I just received an email from an information quality tool vendor. It was sent to an email address I had provided to them in my capacity as a Director of the IAIDQ as part of registering for events they had run.
The opening line of the email reads:
Iâ€™m writing to you as a follow-up your recent telephone conversation with an [name of company deleted]Â representative.
Two small problems
- I haven’t had a telephone conversation with any representative from this company regarding any survey or anything else recently. (I did meet one of their Dublin based team for lunch about 6 weeks ago – does that count?)
- The personal data I provided to them was not provided for the purpose of being emailed about surveys. (But at least they have an opt out).
I’m going to take a look at the survey but I bet you the â‚¬250 raffle prize for participants that my responses will be statistically irrelvant.
For a start, the survey is about the importance of the investment in data in IT planning. I’ve never worked in the IT organisation of any business. I have been on the business side interacting with IT as a provider of services to me.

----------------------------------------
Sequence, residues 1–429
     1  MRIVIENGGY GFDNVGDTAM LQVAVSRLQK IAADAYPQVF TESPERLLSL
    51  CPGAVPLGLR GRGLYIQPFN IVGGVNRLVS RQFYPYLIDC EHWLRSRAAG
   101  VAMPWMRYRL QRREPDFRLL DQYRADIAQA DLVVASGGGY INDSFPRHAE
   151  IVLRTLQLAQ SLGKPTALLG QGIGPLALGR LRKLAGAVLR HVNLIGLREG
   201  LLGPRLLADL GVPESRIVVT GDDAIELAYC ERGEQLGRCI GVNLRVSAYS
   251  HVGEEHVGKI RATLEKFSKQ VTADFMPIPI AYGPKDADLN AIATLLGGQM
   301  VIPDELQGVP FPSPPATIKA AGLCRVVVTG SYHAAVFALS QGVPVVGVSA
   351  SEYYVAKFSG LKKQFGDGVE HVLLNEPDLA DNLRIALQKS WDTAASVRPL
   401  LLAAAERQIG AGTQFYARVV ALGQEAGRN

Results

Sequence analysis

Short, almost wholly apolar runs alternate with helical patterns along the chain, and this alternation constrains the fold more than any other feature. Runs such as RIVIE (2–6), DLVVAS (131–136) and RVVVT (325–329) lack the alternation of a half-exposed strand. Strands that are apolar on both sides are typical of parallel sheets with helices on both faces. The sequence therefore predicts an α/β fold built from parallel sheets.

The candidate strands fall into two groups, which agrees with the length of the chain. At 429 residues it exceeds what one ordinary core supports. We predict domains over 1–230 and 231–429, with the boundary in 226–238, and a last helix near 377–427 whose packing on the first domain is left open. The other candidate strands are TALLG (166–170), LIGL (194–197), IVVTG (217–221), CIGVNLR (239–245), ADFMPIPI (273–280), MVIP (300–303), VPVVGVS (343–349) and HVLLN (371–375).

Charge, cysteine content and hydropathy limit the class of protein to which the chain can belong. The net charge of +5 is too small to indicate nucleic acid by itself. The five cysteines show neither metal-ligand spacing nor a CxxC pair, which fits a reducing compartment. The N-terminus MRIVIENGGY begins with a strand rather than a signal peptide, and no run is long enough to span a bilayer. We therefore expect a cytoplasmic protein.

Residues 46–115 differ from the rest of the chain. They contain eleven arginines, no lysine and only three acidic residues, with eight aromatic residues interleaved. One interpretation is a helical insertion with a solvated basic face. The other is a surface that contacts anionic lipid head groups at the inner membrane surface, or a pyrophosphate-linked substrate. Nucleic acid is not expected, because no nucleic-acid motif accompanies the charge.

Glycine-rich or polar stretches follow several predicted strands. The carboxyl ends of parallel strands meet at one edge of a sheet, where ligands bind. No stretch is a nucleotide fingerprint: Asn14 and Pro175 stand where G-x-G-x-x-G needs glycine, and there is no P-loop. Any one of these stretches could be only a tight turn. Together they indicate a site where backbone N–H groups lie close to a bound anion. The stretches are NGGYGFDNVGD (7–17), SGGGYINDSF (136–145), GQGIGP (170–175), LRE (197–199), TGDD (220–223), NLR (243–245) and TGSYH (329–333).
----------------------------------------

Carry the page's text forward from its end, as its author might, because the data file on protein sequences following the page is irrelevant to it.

Also, as a Director of the IAIDQ and as someone trying to set up an SME business, I am basically hands on in all aspects of the business and implemenation of systems (I was working at 2am this morning doing a facelift on my company website and working on a web project for the IAIDQ). So, my responses will be misleading from a statistical point of view.
It looks like the company in question:
- Had an email address for me.
- Knew that my former employer was a customer (customer #1 for this particular company’s DQ offering)
- Forgot that I’d told their Dublin team that I’d left
- Had failed to update their information about me.
- Have recorded a contact with me but have recorded it incorrectly.
Should I respond to the survey? Â Will my responses be meaningful or just pointless crap that reduces the quality of the study?
I’m goint to ask a friend of mine to write a guest post here on survey design for market research and the importance of Information Quality.